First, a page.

Provided by: nfstrace_0.4.3.2-1build1_amd64 bug

NAME

       nfstrace - NFS and CIFS tracing/monitoring/capturing/analyzing tool

SYNOPSIS

       nfstrace [ -m drain|live|dump|stat ] [ -i interface ] [ -f filter ]
                [ -s 1..65535 ] [ -t Milliseconds ] [ -b MBytes ] [ -p promisc ]
                [ -d in|out|inout ] [ -a path#opt1,opt2=val,...  ] [ -I path ]
                [ -O path ] [ -C 'shell command' ] [ -D MBytes ] [ -E interfaces|plugins ]
                [ -M 1..4000 ] [ -Q 1..65535 ] [ -T true|false ] [ -Z username ] [ -v 0|1|2 ]

DESCRIPTION

       nfstrace  performs live Ethernet 1 Gbps – 10 Gbps packets capturing and helps to determine
       NFS and CIFS procedures in raw  network  traffic.  Furthermore,  it  performs  filtration,
       dumping,  compression, statistical analysis, visualization and provides the API for custom
       pluggable analysis modules.

       nfstrace captures raw packets from an Ethernet interface using libpcap interface to  Linux
       (LSF)  or FreeBSD (BPF) implementations. At the moment it is assumed that libpcap delivers
       correct TCP and UDP packets. Assembling of IP packets from ethernet frames and IP  packets
       defragmentation are performed in the operating system's kernel.

       The  application has been tested on the workstations with integrated 1 Gbps NICs (Ethernet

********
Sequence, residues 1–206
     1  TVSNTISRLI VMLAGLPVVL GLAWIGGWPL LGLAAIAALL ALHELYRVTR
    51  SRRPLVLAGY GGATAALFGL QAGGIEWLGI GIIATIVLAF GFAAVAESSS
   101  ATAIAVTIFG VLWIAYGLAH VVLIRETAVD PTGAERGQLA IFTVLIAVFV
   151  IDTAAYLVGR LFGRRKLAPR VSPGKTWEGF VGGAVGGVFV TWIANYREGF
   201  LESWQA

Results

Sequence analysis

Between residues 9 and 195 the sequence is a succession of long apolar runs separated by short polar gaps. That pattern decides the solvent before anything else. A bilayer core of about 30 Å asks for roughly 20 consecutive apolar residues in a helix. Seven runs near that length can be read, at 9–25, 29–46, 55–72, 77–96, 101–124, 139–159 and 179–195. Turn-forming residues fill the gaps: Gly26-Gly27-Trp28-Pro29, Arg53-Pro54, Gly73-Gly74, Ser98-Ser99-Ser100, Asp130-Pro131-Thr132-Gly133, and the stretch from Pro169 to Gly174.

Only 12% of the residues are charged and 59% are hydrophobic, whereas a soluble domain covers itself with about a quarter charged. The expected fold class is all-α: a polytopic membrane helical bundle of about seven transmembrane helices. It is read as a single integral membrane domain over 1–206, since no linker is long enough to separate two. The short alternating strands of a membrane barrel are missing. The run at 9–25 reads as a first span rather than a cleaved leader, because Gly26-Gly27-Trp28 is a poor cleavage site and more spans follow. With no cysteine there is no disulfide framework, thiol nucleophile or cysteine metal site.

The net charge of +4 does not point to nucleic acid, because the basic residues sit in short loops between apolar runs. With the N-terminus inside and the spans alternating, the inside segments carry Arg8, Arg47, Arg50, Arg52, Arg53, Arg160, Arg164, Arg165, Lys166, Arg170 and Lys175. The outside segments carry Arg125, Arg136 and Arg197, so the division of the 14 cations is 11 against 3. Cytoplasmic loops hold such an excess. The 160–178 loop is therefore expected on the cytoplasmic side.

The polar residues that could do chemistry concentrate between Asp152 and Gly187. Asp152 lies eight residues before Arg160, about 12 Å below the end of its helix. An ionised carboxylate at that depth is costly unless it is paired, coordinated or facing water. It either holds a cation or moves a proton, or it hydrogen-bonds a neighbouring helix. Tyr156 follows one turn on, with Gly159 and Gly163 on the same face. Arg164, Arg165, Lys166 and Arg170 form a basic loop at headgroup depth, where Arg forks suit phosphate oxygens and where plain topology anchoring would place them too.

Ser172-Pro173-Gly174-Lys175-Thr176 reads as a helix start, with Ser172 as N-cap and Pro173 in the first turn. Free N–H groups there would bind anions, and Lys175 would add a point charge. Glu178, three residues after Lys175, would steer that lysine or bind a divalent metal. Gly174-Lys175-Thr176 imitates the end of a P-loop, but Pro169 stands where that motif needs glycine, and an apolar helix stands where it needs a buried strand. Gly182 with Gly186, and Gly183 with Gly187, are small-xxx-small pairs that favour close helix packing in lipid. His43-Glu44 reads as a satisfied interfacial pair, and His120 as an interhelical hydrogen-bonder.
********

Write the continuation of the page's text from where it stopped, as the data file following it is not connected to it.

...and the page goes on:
1000baseT/Full).

       Currently nfstrace supports the following protocols:

           Ethernet > IPv4 | IPv6 > UDP | TCP > NFSv3 | NFSv4 | NFSv4.1 | CIFSv1 | CIFSv2

       nfstrace can operate in four different modes:

          - online  analysis  (--mode=live):  performs  online  capturing,  filtration  and  live
          analysis  of  detected  NFS  procedures using a pluggable analysis module or prints out
          them to stdout (-T or --trace options);

          - online dumping (--mode=dump):  performs  online  traffic  capturing,  filtration  and
          dumping to the output file (specified with -O or --ofile options);

          -  offline  analysis  (--mode=stat): performs offline filtration of the .pcap file that
          contains previously captured traces and performs analysis using  a  pluggable  analysis
          module or prints found NFS procedures to stdout (-T or --trace options);